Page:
I was fading in and out of consciousness, vacillating between being fuzzy headed and fully cognizant of the gravity of my situation. I preferred the fuzzy head. After some unknown period of time, I heard a series of knocks on a door, followed by the door being opened. There were more voices, men greeting one another.  My head went fuzzy again, then back to clear. Fuzzy was so much better. Oh God, if only I had a pill I could slip in my mouth to make this all go away. The voices continued, and I was able to hear one of the new arrivals.

“You guys hear the good news?”

“Naw, what is it?”

“I just got a call from the Southside. They found the Funny Man a few minutes ago and they’re en route here now.” There was a weighty silence. “We got him boys. We got that son of a bitch and we’re gonna stick him in the box as soon as he gets here.”

The last thing I remember was the sound of latches being undone, squeaking hinges, and then from behind my eyelids, a great brightness. As quickly as it came, it began to fade. Softer it grew until there was nothing but a comforting blackness, which I finally embraced along with this fuzzy memory. Memories are all I have now. It’s a lonely existence, this new life.  Well, I can’t say life anymore. I often return to the box room as I think of it now, trying to figure out how this could have happened.  What could I have done differently? I’m not sure. One minute I was enjoying peace at the park, reflecting on my good fortune, the next I was a human shish kebab, skewered in a box.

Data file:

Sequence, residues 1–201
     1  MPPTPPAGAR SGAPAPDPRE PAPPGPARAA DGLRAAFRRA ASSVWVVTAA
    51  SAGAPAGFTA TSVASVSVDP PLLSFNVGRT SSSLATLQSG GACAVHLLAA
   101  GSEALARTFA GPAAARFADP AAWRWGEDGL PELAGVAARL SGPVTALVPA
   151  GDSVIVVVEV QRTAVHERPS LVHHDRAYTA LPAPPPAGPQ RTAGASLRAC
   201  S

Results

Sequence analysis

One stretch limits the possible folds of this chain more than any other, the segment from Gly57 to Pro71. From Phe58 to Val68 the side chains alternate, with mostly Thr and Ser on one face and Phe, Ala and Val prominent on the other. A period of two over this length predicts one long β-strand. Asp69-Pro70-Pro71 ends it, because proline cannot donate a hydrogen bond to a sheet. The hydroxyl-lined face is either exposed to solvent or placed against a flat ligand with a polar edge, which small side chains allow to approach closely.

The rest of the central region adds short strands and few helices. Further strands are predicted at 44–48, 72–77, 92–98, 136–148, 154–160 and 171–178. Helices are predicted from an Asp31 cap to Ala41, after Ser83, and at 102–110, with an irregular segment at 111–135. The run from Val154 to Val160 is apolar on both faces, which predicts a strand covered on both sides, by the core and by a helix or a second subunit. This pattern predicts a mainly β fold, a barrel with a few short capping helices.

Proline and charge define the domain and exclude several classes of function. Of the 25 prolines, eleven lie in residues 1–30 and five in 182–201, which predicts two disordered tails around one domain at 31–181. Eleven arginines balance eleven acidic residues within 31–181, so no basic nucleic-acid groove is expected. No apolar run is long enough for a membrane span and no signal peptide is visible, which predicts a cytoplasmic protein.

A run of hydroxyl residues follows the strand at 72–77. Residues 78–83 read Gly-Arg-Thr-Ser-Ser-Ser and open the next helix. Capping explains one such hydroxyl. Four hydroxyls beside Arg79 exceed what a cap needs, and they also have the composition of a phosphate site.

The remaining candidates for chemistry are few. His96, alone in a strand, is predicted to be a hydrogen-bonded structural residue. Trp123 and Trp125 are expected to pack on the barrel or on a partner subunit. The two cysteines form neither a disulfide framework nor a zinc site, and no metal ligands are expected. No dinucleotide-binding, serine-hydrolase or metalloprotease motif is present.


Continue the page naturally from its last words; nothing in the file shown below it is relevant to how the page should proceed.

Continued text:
That’s the thing with life: it has a way of, well, happening, and we as humans have to develop ways of dealing with it. Take this story, for instance. It’s my way of coping with this whole appalling experience, but it’s really just the beginning.  There’s a lot more of the story still to be written. You see, I’ve always loved a great ghost story. And this is where mine begins.  Chapter one: I think I’ll leave the box room now and go have some fun. Yeah, I’m definitely going to enjoy haunting the bastards who did this to me. They have no idea what they just unleashed. You want to know how an evil spirit comes into existence? Well they’re about to find out. And I have no intention of making it a one-time haunt.  Oh, I’m gonna enjoy this. I’ll enjoy every ghastly second because now, I have nothing but time.

The Box is from the book Rattlebone Tales, Volume 1, a collection of short, scary stories. You can find the paperback and ebook on Amazon.com.

Grant Kauffman is also the author of Project 14: The Legend of Beelzebub’s Bluff, a young adult adventure/fantasy novel available as an ebook and in paperback on Amazon.com.

https://www.facebook.com/Project14book?ref=hl

http://www.amazon.com/Project-14-Legend-Beelzebubs-ebook/dp/B00CHMT1YK/